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RTAF Unit Designations

 
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RTAF Unit Designations - 11/7/2011 9:55:21 AM   
elcid

 

Posts: 226
Joined: 11/20/2002
From: Lakewood Washington
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It has been difficult to identify Thai air units in the WWII era. However, I found some pre war material
which is pretty close. Since the Thai have a huge number of aircraft - in most cases - attrition would not
be a factor. However, the number of Hawk II and Hawk 75 might be slightly less than given here. The
main fighter was the Hawk III - and it was made domestically in addition to being purchased. The Hawk
II appears not to have been purchased directly, but indirectly - but the number was not clear before? It
now appears to have been 12 in 1932, before any Hawk III were obtained. If also appears the number of
Hawk 75 was only 12.

RTAF squadrons could have 12 machines, but usually operated only 9, and in the case of larger bombers,
only 6. There were hundreds of aircraft, mostly obsolescent. But the Hawk 75 was one of the very first
cannon equipped fighters in the world.

35 Wing:
34 Squadron - 9 V-93S called O-3U in USN (max 12)
50 Squadon - 9 Hawk III (max 12) called F-10

66 Wing:
1 Squadron - 12 x Ki-30 called Nagoya after the city of manufacture
2 Squadron - 12 x Ki-30
60 Squadron - 10 x Hawk 75 (originally 12)

73 Wing:
32 Squadron - 9 V-93S (max 12)
40 Squadron - 6 193WH in USAAF B-10
41 Squadron - 6 B-Th4 in JAAF Ki-21

74 Wing:
44 Squadron - 9 V-93S (max 12)
71 Squadron - 9 Hawk III (max 12) called F-10
72 Squadron - 9 Hawk III
73 Squadron - 9 Hawk III
80 Squadrn - 9 Hawk II (originally 12)

There was an unnumbered reconnaissance section which may have been associated with 73 Wing
or may have been independent. It operated 6 V-93S.

There was a general service squadron It operated many types, F-35 laiason in particular,
also Ki-30 and by some reports Ki-55 later in the war. It probably did not operate more than 12
machines, but had its choice of vastly more at the main RTAF base.

There was also a training squaron similarly outfitted and drawing from the same aircraft pool.

RTN had several detachments of floatplanes, about three land based, two single aircraft for use
on patrol ships, and a training element. The latter shipborne and training units used a special
WS-103 variant of a Japanese floatplane designed otherwise for submarine use. The other
land based elements were operating the E8N by the time the war began. It is alleged they
upgraded to E13 - but that is also alleged to be false.


< Message edited by elcid -- 11/7/2011 10:16:44 AM >
Post #: 1
RE: RTAF Unit Designations - 11/7/2011 4:42:01 PM   
Shark7


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Try here: http://www.scramble.nl/mil/7/thailand/types.htm

Gives all the types used by the RTAF, the correct RTAF aircraft designations, and the total number procured by the RTAF.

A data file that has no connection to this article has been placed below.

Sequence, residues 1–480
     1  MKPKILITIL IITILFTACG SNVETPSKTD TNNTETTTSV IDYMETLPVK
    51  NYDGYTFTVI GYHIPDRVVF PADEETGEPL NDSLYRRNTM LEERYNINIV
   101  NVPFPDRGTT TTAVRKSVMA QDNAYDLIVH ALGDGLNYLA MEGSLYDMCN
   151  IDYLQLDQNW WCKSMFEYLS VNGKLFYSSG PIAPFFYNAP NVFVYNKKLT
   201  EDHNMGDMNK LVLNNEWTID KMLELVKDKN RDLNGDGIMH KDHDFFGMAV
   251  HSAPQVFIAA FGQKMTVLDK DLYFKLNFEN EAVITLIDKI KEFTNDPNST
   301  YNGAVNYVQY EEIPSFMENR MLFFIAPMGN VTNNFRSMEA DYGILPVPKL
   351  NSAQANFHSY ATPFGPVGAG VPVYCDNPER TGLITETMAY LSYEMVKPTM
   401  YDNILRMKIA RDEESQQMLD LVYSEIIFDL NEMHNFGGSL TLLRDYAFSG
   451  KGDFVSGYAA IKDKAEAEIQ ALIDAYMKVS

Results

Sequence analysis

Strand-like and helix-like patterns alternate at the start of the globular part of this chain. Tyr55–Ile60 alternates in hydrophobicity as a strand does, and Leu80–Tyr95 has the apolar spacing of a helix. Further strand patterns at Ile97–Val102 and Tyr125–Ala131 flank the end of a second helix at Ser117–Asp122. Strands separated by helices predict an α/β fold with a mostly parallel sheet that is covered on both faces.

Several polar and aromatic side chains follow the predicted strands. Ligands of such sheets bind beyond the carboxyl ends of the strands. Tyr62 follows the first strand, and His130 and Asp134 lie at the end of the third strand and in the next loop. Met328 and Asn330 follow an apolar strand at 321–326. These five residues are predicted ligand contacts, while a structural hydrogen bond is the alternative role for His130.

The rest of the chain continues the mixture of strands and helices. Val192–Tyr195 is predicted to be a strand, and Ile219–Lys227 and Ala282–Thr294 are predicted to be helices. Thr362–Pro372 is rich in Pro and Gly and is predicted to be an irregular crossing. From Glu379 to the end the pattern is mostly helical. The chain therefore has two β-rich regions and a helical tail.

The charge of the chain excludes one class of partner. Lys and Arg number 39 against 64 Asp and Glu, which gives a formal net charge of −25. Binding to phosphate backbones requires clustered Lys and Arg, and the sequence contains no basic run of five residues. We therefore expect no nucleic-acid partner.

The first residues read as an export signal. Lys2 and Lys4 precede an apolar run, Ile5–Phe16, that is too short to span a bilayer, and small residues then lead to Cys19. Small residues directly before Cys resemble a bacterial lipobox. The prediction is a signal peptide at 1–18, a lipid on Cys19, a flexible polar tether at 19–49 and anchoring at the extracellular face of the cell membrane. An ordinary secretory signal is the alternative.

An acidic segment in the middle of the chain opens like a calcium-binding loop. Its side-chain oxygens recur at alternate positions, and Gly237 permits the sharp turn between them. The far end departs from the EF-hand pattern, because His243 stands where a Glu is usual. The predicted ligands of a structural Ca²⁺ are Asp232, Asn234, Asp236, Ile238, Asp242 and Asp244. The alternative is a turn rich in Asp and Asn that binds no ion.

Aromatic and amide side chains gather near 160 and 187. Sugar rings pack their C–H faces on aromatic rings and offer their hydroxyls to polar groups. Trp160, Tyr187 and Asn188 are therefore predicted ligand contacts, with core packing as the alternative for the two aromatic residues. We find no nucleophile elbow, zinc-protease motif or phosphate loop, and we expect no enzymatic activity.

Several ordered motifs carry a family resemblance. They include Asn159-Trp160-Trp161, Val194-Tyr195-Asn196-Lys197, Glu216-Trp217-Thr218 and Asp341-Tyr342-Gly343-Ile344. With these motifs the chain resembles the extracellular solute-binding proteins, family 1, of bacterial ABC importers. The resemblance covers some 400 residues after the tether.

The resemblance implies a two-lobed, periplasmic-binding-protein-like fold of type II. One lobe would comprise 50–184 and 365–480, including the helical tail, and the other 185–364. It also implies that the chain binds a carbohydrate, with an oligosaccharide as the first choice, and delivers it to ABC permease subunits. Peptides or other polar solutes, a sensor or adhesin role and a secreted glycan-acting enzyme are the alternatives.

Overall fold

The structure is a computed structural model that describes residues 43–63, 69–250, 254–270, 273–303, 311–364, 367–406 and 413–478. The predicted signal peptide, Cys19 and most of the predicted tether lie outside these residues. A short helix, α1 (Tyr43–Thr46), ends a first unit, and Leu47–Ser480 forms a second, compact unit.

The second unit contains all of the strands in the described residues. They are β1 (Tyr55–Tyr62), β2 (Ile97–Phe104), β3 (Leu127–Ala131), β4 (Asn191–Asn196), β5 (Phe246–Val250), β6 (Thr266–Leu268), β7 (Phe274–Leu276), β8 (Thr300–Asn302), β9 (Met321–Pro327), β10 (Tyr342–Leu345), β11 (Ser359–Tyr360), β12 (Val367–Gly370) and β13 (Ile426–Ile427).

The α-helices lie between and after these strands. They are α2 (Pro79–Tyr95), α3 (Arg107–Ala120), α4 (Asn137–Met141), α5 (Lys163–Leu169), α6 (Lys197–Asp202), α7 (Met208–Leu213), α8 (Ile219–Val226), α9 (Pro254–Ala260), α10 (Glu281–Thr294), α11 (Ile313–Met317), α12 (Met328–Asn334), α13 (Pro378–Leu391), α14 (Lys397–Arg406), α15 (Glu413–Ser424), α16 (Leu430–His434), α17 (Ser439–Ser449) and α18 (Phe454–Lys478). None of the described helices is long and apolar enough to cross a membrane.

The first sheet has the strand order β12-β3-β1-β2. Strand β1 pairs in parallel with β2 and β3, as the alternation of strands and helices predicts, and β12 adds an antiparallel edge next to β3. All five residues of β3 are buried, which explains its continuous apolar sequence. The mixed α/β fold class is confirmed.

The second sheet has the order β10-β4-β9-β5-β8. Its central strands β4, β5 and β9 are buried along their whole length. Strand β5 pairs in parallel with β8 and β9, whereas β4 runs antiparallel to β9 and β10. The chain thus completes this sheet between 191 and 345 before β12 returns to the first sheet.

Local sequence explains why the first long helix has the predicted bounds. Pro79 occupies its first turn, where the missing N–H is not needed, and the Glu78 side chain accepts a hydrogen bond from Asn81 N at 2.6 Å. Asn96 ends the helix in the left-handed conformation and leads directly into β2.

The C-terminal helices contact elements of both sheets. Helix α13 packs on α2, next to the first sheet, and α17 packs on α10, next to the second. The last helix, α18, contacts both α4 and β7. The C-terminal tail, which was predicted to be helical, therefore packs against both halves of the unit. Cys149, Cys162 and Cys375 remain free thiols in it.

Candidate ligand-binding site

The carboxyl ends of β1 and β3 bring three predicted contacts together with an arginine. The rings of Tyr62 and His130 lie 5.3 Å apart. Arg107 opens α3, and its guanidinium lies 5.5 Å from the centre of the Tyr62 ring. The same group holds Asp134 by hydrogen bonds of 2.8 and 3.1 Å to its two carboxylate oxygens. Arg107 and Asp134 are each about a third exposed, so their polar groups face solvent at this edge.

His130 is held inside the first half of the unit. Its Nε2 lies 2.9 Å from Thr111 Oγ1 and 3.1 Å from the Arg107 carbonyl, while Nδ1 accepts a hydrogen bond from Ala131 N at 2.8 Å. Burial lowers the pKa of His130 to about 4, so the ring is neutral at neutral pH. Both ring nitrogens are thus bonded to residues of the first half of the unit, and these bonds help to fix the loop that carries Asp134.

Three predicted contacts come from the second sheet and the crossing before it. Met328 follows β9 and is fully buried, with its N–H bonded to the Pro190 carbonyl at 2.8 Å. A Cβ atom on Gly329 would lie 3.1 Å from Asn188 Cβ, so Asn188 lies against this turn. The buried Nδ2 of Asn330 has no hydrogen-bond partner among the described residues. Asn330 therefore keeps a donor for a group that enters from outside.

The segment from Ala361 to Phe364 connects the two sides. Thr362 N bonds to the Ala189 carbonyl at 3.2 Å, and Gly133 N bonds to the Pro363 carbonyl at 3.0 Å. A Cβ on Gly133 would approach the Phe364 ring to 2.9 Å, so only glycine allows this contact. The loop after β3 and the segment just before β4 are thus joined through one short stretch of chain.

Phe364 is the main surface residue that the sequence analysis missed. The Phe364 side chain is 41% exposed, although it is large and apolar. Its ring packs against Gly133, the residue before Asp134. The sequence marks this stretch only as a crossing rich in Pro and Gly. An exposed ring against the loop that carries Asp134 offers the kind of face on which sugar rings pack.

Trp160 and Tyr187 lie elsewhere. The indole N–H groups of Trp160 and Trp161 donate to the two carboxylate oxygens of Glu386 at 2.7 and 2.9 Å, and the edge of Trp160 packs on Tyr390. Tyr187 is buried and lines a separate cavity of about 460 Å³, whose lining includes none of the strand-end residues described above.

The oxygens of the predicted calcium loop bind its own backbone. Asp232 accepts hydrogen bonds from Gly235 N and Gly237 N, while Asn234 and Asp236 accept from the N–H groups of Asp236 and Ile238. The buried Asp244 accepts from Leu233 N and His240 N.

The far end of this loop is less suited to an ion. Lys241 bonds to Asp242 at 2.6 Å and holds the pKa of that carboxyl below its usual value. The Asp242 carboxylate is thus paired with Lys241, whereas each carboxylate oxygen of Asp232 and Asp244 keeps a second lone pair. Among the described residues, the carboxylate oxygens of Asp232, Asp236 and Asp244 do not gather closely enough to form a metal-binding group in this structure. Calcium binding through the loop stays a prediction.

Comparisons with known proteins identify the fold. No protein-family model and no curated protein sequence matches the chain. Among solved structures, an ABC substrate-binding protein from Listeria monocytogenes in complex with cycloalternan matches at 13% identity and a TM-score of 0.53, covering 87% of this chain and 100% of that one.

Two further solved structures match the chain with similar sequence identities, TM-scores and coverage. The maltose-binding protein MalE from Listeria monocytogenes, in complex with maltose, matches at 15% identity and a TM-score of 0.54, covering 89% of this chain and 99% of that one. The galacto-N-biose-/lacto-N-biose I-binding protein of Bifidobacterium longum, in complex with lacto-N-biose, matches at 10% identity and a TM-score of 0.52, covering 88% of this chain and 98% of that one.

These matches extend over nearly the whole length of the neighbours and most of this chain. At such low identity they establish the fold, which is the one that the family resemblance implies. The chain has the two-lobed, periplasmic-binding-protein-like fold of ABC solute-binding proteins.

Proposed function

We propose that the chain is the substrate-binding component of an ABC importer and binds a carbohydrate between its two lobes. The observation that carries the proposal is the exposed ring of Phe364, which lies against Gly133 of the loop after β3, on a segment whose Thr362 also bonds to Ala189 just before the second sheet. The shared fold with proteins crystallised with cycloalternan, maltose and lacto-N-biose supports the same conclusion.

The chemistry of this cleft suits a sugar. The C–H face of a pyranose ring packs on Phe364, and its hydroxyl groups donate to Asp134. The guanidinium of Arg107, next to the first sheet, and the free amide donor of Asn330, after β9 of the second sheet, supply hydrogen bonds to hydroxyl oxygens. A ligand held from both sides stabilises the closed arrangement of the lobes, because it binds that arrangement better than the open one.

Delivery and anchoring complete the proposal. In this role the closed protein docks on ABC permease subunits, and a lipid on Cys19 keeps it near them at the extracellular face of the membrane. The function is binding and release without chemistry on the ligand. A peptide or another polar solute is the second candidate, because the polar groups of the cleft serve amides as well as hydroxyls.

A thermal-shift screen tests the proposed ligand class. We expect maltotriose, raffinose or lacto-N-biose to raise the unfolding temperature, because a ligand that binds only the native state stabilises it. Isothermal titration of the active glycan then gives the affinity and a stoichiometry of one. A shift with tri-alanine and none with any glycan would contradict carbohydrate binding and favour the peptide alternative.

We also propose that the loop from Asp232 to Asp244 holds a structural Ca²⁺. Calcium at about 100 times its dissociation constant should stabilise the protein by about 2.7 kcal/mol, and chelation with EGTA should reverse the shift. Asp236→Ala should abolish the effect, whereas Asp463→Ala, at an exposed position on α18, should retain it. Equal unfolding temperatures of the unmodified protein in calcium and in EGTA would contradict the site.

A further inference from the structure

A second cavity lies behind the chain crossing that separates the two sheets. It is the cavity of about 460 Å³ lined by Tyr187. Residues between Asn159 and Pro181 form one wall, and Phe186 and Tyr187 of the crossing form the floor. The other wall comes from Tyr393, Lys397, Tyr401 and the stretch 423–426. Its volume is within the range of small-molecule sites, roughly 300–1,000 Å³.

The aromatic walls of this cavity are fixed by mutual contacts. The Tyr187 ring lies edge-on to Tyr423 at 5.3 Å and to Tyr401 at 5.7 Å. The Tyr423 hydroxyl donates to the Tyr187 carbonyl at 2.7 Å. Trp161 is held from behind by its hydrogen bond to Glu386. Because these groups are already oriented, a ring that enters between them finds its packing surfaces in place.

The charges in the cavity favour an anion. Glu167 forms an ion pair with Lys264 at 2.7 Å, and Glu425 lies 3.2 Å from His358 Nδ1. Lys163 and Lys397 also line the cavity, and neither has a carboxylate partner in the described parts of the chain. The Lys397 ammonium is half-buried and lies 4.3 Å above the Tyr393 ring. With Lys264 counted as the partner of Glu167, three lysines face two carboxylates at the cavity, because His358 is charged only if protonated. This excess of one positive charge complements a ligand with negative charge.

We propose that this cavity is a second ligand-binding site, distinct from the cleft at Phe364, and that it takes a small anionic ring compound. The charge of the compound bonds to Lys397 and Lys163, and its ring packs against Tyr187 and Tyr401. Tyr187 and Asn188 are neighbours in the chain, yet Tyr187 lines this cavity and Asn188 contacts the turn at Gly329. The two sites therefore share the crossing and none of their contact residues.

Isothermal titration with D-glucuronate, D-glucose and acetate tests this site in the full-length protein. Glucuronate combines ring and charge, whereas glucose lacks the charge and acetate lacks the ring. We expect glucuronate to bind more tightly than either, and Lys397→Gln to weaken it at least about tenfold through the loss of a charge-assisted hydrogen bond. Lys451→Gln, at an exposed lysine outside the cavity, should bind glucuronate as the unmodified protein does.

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RE: RTAF Unit Designations - 11/9/2011 1:00:56 AM   
wdolson

 

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It may be a typo, but I want to know the story of how they kept at least one B-10 in service until 1981!  I also don't know why it wasn't preserved in a museum.  You'd think the world's warbird collectors would be chomping at the bit to get one of those, even in the early 80s.

Bill


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RE: RTAF Unit Designations - 11/9/2011 3:30:42 AM   
YankeeAirRat


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Joined: 6/22/2005
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I don't think the website referenced is correct with regards to the Martin Bomber still flying into 1981. I say that considering that most of the references I have with regards to SE Asian nations during the Vietnam conflict recieved US military aid (such as the A-37, F-5A, T-28s, etc) that would have effectively rendered a 30+ yr old bomber with 0 supply/support ineffective even if they had reverse engineered some components in country. I am also very suspect of fence-checking magazines and websites like "Scramble" since they see a one time photo shot of an aircraft in a certain paint scheme or in flight near an actual operating unit, then will outright lie stating a unit is deployed in operations with that unit or even a certain a/c serial number was still flying when is supposedly crashed because they saw wreckage with that S/N and supposed that a write off occured due to excessive damage.

The Royal Thai Air Force information for World War 2 is very hard to get since Thailand was closed off to Western sources following the Japanese involvement in thier country and the active rebellion from the military to free Thailand. Most of the books that I have ever run across for information talk about either the Thai-French-Viet war in 1940 or talk about the SOE and OSS operations in Thailand against the Japanese puppet government or in supporting operations in the Buma portion of the theater. That said, I would suggest you contact the Royal Thai Air Force Museum and see if they might be able to help you with your research or contact the Royal Thai Air Force Public Affairs Office to see if they could help you with your research.